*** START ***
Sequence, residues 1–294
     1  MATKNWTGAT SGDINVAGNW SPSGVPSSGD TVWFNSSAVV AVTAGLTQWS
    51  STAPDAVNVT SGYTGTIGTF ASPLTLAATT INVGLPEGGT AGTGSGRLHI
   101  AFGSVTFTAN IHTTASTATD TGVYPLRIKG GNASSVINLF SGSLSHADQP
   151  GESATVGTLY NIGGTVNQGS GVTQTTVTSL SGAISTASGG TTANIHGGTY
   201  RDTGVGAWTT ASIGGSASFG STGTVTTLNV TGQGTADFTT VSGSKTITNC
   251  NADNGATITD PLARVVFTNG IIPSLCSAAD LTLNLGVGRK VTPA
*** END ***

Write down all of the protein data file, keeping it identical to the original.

Sequence, residues 1–294
     1  MATKNWTGAT SGDINVAGNW SPSGVPSSGD TVWFNSSAVV AVTAGLTQWS
    51  STAPDAVNVT SGYTGTIGTF ASPLTLAATT INVGLPEGGT AGTGSGRLHI
   101  AFGSVTFTAN IHTTASTATD TGVYPLRIKG GNASSVINLF SGSLSHADQP
   151  GESATVGTLY NIGGTVNQGS GVTQTTVTSL SGAISTASGG TTANIHGGTY
   201  RDTGVGAWTT ASIGGSASFG STGTVTTLNV TGQGTADFTT VSGSKTITNC
   251  NADNGATITD PLARVVFTNG IIPSLCSAAD LTLNLGVGRK VTPA